• Visitors bask in a golden sunset at Dickey Ridge Visitor Center in Shenandoah National Park


    National Park Virginia

There are park alerts in effect.
hide Alerts »
  • Skyline Drive Status

    For the most current Skyline Drive Status, call 540-999-3500, choose Option 1, and then Option 1. Be prepared for winter driving conditions when the Drive is open! You can also use Facebook and Twitter for updates. More »

Shenandoah National Park to Begin Skyline Drive Road Reconstruction

Subscribe RSS Icon | What is RSS
Date: November 21, 2007

Shenandoah National Park will begin a year long road construction project on Skyline Drive after the Thanksgiving holiday. The work will occur in the Central District, between Milepost 31.5 (Thornton Gap Entrance Station) located at US Highway 211 and Milepost 65.5 (Swift Run Entrance Station) located at US Highway 33.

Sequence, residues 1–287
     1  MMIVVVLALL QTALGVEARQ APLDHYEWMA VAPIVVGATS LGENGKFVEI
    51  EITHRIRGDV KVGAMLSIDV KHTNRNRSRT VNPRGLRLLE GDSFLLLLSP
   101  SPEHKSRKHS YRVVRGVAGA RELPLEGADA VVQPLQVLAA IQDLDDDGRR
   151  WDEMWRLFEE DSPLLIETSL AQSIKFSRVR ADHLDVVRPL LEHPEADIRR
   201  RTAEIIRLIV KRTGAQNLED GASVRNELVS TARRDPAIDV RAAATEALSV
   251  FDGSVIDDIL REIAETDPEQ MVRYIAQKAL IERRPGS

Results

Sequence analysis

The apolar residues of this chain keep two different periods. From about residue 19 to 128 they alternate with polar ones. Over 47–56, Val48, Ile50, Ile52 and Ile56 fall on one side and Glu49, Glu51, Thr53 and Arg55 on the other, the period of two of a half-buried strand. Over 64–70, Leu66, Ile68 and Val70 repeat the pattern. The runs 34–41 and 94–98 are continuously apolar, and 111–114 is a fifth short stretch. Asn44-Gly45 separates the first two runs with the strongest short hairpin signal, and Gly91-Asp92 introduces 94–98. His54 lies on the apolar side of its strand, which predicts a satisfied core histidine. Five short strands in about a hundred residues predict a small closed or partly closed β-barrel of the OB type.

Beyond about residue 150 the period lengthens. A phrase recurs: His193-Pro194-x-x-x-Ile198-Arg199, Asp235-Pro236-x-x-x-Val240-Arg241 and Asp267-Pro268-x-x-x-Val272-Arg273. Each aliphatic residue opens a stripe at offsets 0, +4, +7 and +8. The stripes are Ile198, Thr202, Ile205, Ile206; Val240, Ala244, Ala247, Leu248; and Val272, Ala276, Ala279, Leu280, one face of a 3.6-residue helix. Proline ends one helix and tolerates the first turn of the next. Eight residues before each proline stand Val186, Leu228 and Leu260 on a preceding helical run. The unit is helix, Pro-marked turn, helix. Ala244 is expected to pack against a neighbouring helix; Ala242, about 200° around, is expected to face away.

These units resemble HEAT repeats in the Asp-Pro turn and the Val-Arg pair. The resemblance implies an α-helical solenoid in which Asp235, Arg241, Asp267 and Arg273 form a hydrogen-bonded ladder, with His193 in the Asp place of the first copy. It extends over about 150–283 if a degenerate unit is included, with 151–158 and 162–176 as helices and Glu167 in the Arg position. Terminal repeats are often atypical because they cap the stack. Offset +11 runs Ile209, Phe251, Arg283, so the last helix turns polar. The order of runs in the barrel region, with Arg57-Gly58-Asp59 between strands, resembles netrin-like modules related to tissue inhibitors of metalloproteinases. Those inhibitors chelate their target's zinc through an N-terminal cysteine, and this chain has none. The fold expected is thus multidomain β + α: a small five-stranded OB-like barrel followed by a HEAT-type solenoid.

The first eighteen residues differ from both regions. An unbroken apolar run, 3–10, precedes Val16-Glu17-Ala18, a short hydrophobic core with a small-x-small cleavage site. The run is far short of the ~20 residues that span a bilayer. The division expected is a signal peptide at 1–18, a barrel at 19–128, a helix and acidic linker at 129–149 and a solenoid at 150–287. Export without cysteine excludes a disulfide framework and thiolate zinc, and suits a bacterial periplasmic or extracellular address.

The project will reconstruct portions of Skyline Drive, the famed ribbon of road which winds along the crest of the Blue Ridge Mountains. Skyline Drive was originally constructed in the 1930’s and was last reconstructed between 1983 and 1988. The current road surface has met its life expectancy and is due for rehabilitation.

Once work begins, sections of Skyline Drive will be reduced to one lane of traffic during working hours, defined as sun up to sun down Monday through Friday. Visitors can expect delays of up to 30 minutes and sections of unpaved, gravel road. During non-working hours, weekends, and national holidays two lanes of traffic will be available; however, sections of Skyline Drive will still have a gravel surface.

This project is being funded by the Federal Lands Highway Program and is being administered by the Federal Highway Administration for the National Park Service. For more information regarding the park and the road status please call 540-999-3500 or go to http://www.nps.gov/shen.

Did You Know?

President Franklin Delano Roosevelt visiting the CCC camps in Shenandoah 1933, taking time to have lunch with enrollees at Big Meadows.

President Franklin Delano Roosevelt visited the Civilian Conservation Corps camp at Big Meadows in August 1933 and returned to Big Meadows in July 1936 to dedicate Shenandoah National Park.